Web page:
by large corporations because of
the resources required for sus-
tained, effective litigation. Addi-
tionally, huge companies are
more likely to have spent exor-
bitant funds to fix their often
complex Y2K problems.
Reigning in the Law
Fears of excessive Y2K litiga-
tion prompted federal action last
year. In July, Congress passed
the Y2KA ct, which offered liabil-
ity protections for smaller soft-
ware manufacturers by limiting
punitive damages and raising
the burden for breach of contract
actions. The software industry
lobbied heavily for the bill, claim-
ing that lawsuits stemming from
the millennium bug could have
resulted in a financial apoca-
lypse for high-tech innovators.
At the time, statements by
Please see Y2K, p. 4

a lot of ent]
ity. We've
people invo

Perhaps the transition from  mer project
JD candidate to Congressional    Cranleyi
candidate does not require     chances, in
mounds of dough and decades of  demograph
political experience. John     district'sbc
Cranley '99 graduated from HLS  by the Den
last June, and last Friday he  vor Democi
locked up the Democratic nomi-  cinnati vo
nation for Congress from his   Democrat
home district in Ohio.         have lost r(
Cranley, currently pursuing a  ever, becau,
degree at the Harvard Divinity  ings in th
School, will be running for office  nated, Cat
in the first Congressional Dis-  west and n
trict of Ohio, which includes all  Cranley
of Cincinnati and some of its sub-  suburbs, h
urbs. There are no other Demo-  parents arE
cratic contenders, so he expects  hopes to dr
to coast through the primaries,  votes that
At that point things will get  his favor. '
more difficult. We're going to  election, h
have to redefine the way a Con-  going to wi
gressional race is run, Cranley  A recent
said. The odds are against us.  ticle gave
Cranley's Republican oppo-  in the electi
nent, Steve Chabot, has been in  tive newco
office since 1994, and has well  process. Sor
over a million dollars for the race.  have compa
Cranley's campaign, meanwhile,  former Cin
will have to be more grassroots.  Springer,
We're going to knock on every  elected off
door and have a sign on every  While Crm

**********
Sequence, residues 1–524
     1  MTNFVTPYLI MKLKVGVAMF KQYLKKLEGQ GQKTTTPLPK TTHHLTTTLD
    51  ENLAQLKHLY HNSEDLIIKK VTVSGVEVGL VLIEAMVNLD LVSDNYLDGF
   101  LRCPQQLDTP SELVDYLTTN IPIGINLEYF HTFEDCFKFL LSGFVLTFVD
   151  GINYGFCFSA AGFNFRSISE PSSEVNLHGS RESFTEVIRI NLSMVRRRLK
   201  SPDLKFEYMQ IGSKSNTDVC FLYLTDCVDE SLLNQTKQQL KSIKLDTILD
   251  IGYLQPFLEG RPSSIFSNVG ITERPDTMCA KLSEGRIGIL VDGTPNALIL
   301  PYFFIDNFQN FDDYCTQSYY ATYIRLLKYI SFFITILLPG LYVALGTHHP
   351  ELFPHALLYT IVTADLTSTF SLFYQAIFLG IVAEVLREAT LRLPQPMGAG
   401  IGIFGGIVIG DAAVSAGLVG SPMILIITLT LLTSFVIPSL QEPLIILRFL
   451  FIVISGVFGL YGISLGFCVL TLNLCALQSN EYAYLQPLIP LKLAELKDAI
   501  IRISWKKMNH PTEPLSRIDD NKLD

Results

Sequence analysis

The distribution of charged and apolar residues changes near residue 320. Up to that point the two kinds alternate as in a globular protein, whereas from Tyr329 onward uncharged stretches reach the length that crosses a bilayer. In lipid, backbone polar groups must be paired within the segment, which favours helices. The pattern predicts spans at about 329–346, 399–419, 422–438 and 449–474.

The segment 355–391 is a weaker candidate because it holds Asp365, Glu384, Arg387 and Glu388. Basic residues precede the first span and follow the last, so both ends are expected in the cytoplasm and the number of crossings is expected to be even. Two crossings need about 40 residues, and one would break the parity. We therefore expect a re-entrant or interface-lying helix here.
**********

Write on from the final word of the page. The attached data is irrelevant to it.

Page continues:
lawn, said Cranley, whose long-  complemer
time friend, Dan Drihaus, will  not sure h
be his campaign manager.       paredtoSp
Cranley says his campaign has    Regardlc
little money, and may not even  position is
run a single poll, but they have  miraculous
SUPREME COURT UPDATE

husiasm and creativ-
e got a lot of young
lved; this is our sum-
t! he says.
is optimistic about his
part because of the
ics of his district. The
orders were drawn up
nocrats in 1990 to fa-
rats; the city of Cin-
tes overwhelmingly
ic. The Democrats
ecent elections, how-
se of their weak show-
e Republican-domi-
holic suburbs to the
orth of the city.
is from the western
e is Catholic, and his
e Republicans, so he
raw crucial crossover
will tip the election in
The secret about this
he says is that we're
n.
Washington Post ar-
Cranley little chance
ion, since he is a rela-
omer to the political
me Cincinnati papers
ared him favorably to
ncinnati Mayor Jerry
however, who won
rice in his twenties.
nley appreciated the
nt, he joked that he is
ow well being com-
pringer will serve him.
ess, Cranley's current
s unexpected, if' not
s. This is crazy! he

says of his being nominated by
the Democratic Party. 'in 25
years old, I've never had a full
time job, and I live in Boston!
So, how did he get where he is
today? Cranley grew up in Cin-
cinnati, where he attended a Je-
suit high school. He moved on to
John Carroll -University in
Cleveland, also a Jesuit school,
where he was twice elected stu-
dent body president, and then to
Harvard Law School. During his
summers, he went back to Cin-
cinnati and worked with the
Democratic Party as a volunteer.
I worked on a couple of cam-
paigns, but I didn't do that
much, Cranley said. Cranley
says that the string of events
leading to his nomination is still
something of a mystery to him,
but that when presented with